How to get out of tutorial hell for good (it's simpler than you think)

1 to 2 minute read

There's no shame with being stuck in tutorial hell. Even the best of us have been in it.

However, the longer you are in it, the worse it becomes. Over time you become discouraged, and eventually want to stop programming altogether. This is why it's so important to get out of there ASAP or you'll either burn forever in its fire or give up coding entirely!
Do not despair: tutorial hell is actually incredibly easy to get out of. You just need to know how.

Why you're in tutorial hell

In order to solve any problem, we must first understand the source of that problem.

To save you some time, I'll make it quick: you are in tutorial hell because of fear.

The fear that you might fail if you leave the safety of tutorials and start writing your own code.

So let's break that fear!

Why it's easier than you think

As aforementioned, you're only in tutorial hell because of the fear that you might fail catastrophically if you leave the safety of the tutor's hand walking you through the code, making you feel stupid and that you wasted all this time for NOTHING.

The fact is, to put it bluntly, you are entirely correct! You will fail. You will forget some stuff that you've learned in the tutorial, forcing you to go back and watch that part of it again. You will encounter lots of annoying errors and bugs. And that's OK. You're not stupid for it. In fact, smart people go through this every day.

No human on this planet has ever learned anything without consistently failing for a while. That's what learning is: fail and learn, fail and learn, etc... until you've mastered it. If you don't experience this on a regular basis, you aren't a genius, you just stopped learning.

You need to learn how to learn. Instead of just watching tutorial after tutorial, typing every word that your favorit internet tutor is typing, and then go to the next tutorial when you're not all of the sudden a C++ master after watching 1 course, you need to actually apply what you've learned!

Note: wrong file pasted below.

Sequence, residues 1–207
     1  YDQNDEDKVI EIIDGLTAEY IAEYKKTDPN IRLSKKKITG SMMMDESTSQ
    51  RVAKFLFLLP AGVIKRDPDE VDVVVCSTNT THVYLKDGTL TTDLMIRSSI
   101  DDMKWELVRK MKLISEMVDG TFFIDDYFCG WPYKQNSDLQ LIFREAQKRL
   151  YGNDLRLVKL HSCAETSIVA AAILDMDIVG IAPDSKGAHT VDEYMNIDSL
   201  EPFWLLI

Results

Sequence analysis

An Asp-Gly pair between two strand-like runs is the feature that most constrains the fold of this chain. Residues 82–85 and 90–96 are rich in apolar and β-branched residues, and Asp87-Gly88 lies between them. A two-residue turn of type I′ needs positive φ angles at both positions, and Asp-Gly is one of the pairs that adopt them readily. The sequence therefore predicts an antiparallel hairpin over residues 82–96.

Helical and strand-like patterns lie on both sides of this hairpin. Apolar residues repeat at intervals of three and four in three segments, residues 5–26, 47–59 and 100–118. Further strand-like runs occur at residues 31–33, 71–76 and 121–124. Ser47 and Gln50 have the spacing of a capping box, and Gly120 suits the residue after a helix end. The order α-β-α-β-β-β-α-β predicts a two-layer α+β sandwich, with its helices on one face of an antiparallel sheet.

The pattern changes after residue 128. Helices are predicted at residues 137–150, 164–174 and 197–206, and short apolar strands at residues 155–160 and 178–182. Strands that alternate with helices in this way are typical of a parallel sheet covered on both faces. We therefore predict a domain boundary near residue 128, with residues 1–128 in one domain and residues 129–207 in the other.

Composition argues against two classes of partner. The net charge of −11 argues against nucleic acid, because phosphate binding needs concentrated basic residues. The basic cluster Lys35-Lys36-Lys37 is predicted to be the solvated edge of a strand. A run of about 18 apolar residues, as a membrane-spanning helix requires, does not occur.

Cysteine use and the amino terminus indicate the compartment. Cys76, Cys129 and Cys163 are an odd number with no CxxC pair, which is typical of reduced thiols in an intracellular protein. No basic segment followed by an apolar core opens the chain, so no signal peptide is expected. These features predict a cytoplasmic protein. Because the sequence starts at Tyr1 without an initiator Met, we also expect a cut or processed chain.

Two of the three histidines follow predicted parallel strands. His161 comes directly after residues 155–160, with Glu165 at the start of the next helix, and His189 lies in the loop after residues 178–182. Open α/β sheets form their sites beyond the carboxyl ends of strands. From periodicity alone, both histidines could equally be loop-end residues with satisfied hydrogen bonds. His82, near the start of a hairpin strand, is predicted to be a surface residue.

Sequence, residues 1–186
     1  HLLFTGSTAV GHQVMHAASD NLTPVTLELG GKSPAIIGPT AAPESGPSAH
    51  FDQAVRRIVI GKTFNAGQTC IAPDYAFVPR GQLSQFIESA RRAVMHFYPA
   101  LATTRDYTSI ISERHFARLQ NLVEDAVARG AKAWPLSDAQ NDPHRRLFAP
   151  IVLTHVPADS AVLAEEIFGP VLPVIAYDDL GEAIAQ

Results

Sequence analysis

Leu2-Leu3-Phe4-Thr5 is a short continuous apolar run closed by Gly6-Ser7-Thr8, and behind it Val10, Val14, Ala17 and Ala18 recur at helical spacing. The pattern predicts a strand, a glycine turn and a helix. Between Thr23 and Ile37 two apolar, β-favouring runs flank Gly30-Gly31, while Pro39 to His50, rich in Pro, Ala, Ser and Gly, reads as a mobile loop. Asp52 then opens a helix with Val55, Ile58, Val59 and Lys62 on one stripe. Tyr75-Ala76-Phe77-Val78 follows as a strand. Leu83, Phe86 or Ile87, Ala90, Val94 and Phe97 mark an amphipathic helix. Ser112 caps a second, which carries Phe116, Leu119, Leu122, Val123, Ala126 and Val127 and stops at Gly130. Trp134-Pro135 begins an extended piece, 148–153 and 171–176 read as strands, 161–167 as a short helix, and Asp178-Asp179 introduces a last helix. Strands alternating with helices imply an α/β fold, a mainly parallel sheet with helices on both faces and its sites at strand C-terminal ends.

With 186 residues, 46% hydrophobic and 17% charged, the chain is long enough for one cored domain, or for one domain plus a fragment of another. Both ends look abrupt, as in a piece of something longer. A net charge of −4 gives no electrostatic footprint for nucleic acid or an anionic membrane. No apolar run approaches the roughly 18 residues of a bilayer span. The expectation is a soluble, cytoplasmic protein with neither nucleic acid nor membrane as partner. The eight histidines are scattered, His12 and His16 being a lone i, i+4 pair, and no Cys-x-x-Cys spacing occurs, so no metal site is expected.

But how?, you're probably wondering. Well...


How to actually apply what you've learned

You must create your own project, something incredibly simple and easy to do even for a complete beginner, that doesn't require much time to finish and involves what you've learned.

For example: if you've learned react, try making a calculator. Calculators are generally a good go-to option, but if you're unsure you can just look up easy projects for what you're learning on your favorit search engine.

DO NOT be over ambitious. DO NOT HESITATE to rewatch the same tutorial again for anything you've forgotten.

This is what feeds the cycle: you watch a tutorial, get cocky, try making an overcomplicated program, fail, then watch another tutorial. Every time the cycle is iterated, the fear intensifies, because you're afraid that cycle might never end. The key is to keep it simple.


P.S: While writing this article, I forgot to mention something crucial: Don't just watch the entire 8 hour tutorial straight with no pause for practice in between and expect yourself to remember anything.

Depending on the density of information in the tutorial, stop the tutorial every 30 minutes to an hour and make a very basic project using what you've learned so far if that's possible.

You can also use the feynman method as explained in Richard P. Feynman's book "Six Easy Pieces" (it's a book on physics). Just explain to yourself what you just learned as least complicated as possible using simple analogies, as if you were explaining it to a 4 year old child (don't take this too literally).

Don't use the exact same explanation and analogies as the tutor: make your own analogies and explanation. I recommend you write it down on a notepad to solidify the concept into your brain (ideally use a real life notepad but a digital one is fine).

If you can explain it, then that means you understood the concept; it'll also help your brain remember the information for the long term (because you used the information in an effort to explain how it works instead of just taking it all in at once).

If you can't explain it, that's probably because you don't understand the concept yet and need to rewatch that section of the tutorial again.

Repeat this process and you'll never forget!

The first few weeks are most important. If you slack off after that simple project mentionned earlier, you'll probably forget everything you've learned again and fall right back into tutorial hell!

So if you're learning what you're learning for a specific project, start now! If you're learning to gain leverage in the job market, just do at least 1 easy project like mentionned earlier per week or two to stay sharp.

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